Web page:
How i got to Anthonys Nose. it was on yet another drive back up north, when i took this shot (while not moving in a car) crossing the bear mountain bridge. Bridges were kind of a theme on this trip, and i was thinking of how great a symbol they are, the “connectors of life”. I had stopped by a “haunted bridge” in my home town county in Virginia, one of those places we used to party late at nite when we were in high school. Supposedly, you could “hear” civil war troops going up the river late at nite if you stood on the bridge. We all heard those troops, we also drank the same moonshine that they probobaly drank- most likely from the same family…. Thinking about all those old friends from high school, and how remain pretty tight. We went to a small school, one of those schools and towns wear everybody knows what you did, before you even do it. How that bridge connected us on a weekend nite, and how a picture of it passed around to a few folks via social media, brings a glimpse of re-connection for a moment, and hopefully a few moments shared in time a long time ago. And how all of us turned out ok- it was touch and go for a little while for some-well, i will say it was touch and go for me- Im still standin…
Long drives are also a time i “connect” with people on the phone. i go through hours of lost in thought, hours of music, and about 1/3 time catching up with people.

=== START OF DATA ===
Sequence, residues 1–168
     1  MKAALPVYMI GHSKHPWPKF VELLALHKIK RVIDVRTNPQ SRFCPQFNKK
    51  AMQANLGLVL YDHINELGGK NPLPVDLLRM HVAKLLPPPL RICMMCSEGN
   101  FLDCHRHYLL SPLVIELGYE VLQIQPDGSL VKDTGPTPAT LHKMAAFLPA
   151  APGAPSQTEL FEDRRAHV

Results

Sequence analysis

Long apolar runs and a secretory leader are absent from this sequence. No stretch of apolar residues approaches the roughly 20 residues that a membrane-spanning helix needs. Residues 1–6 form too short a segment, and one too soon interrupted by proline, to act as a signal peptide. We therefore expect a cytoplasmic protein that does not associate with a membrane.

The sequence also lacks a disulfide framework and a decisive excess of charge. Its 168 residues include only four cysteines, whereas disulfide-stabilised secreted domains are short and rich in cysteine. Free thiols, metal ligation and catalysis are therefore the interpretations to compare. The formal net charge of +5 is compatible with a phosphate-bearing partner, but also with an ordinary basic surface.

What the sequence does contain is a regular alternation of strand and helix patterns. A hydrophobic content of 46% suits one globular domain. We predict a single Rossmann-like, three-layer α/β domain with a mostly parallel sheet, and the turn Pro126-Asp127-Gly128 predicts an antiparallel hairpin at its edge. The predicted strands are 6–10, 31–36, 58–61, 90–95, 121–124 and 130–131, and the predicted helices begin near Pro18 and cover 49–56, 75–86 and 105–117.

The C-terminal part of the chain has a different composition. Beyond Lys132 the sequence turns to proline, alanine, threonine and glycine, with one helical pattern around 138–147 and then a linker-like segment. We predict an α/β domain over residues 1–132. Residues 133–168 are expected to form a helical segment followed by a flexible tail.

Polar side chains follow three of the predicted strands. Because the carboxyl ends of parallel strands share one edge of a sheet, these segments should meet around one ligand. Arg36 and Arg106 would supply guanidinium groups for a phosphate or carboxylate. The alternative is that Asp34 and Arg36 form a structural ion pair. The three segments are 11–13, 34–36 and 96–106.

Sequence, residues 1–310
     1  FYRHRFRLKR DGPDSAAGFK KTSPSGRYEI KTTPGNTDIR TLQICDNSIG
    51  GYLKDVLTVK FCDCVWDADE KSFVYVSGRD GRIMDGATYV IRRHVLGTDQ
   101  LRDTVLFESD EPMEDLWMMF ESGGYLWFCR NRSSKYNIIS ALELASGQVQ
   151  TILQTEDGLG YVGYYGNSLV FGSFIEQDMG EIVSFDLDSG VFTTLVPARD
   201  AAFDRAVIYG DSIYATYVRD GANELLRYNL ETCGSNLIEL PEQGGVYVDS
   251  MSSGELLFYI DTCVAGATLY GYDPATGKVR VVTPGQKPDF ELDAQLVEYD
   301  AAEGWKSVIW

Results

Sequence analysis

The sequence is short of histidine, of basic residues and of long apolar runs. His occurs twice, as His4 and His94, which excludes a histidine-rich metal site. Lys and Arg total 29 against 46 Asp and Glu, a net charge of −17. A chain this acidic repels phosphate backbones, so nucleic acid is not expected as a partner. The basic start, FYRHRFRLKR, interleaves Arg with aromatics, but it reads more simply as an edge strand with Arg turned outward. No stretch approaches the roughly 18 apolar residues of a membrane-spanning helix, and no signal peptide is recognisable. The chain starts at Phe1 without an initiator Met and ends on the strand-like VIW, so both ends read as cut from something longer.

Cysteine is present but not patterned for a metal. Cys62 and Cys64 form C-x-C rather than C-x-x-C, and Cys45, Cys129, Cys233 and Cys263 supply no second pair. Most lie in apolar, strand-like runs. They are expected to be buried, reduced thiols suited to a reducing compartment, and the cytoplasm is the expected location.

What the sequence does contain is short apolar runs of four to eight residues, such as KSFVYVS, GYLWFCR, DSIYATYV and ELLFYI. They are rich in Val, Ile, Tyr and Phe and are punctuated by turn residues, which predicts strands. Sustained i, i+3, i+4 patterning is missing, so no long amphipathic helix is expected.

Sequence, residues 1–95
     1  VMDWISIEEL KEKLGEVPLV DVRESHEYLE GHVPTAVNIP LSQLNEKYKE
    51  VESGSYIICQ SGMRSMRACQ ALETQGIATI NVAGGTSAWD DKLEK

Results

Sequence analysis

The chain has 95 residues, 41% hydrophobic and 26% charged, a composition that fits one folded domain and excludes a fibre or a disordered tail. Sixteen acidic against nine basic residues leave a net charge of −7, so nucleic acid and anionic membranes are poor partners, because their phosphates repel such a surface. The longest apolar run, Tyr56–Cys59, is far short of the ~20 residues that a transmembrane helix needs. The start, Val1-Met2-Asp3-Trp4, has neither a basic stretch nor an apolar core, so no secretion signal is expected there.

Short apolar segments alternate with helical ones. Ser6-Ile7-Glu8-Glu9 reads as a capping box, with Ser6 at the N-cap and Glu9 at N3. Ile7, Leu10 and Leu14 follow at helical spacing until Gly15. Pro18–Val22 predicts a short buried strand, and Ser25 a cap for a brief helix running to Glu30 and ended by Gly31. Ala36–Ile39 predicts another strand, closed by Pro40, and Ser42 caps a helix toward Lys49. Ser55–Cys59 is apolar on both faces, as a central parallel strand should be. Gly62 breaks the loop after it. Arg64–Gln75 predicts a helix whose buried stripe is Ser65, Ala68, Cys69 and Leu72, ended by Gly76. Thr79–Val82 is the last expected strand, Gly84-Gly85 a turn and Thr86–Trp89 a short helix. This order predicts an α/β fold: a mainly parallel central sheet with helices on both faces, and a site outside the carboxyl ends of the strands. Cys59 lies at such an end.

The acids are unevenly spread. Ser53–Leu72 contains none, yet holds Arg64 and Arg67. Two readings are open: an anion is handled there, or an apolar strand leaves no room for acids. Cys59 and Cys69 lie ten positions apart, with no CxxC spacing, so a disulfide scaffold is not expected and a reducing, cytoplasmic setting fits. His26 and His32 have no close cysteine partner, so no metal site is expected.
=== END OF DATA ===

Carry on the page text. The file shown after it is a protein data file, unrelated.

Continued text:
Then i came to this awesome bridge that connects two parts of new york. i wondered how the view would be from above.
So, two days later, i went to go find out. Theres a hike… “somebody’s nose”- “anthony’s nose”. i had to wonder how a hike gets a name like that… here’s wikipedias answer:
The peak has been known as Anthony’s Nose since at least 1697, when the name appears on a grant patent. The eponymous Anthony may be St Anthony, as a rock formation called “Saint Anthony’s Face” existed on Breakneck Ridge nearby before its destruction by quarrying.
Pierre Van Cortlandt, who owned this mountain, said it was named for a pre-Revolutionary War sea captain, Anthony Hogan. This captain was reputed to have a Cyrano de Bergerac type nose. One of his mates, looking at this mount, as they sailed by it, compared it to that of the captain’s nose. He said that they looked similar in size. This good-natured joke soon spread, and the name Anthony’s Nose stuck to this peak. Washington Irving‘s History of New York, a satire, attributes the name to one Antony Van Corlear, who was the trumpeter on Henry Hudson’s ship.
Other traditions name Anthony de Hooges (1620–1655), a deacon of the Dutch Reformed Church and early settler of Rensselaerswyck, as the source of “Anthony’s Nose” – supposedly after de Hooges’ own prominent nose.
i guess somebody had a big nose….
A short, fairly easy (6 out of 10) on the new york difficulty rating- i would assume only because its some quick vertical feet. I’d say round trip with hanging out up in the nostrils for a short amount of time (the winds picked up and this southern boy got a little cold) maybe 1.5 hours round trip. on a sunny warm day i think i could have hung out up there for a few hours. Here’s the view over the bridge of Anthonys nose.
I found one of Nomadic State of Minds water bottle carriers at the top- ok, whatever we brought it… theres the plug, you of course don not need one of our water bottle holders on the hike, but its a great water holder for a day hike.. here’s the link http://shop.nomadicstateofmind.com/large-water-bottle-holder-p/largeh20bottle-holder.htm But what an awesome hike up Anthonys nose-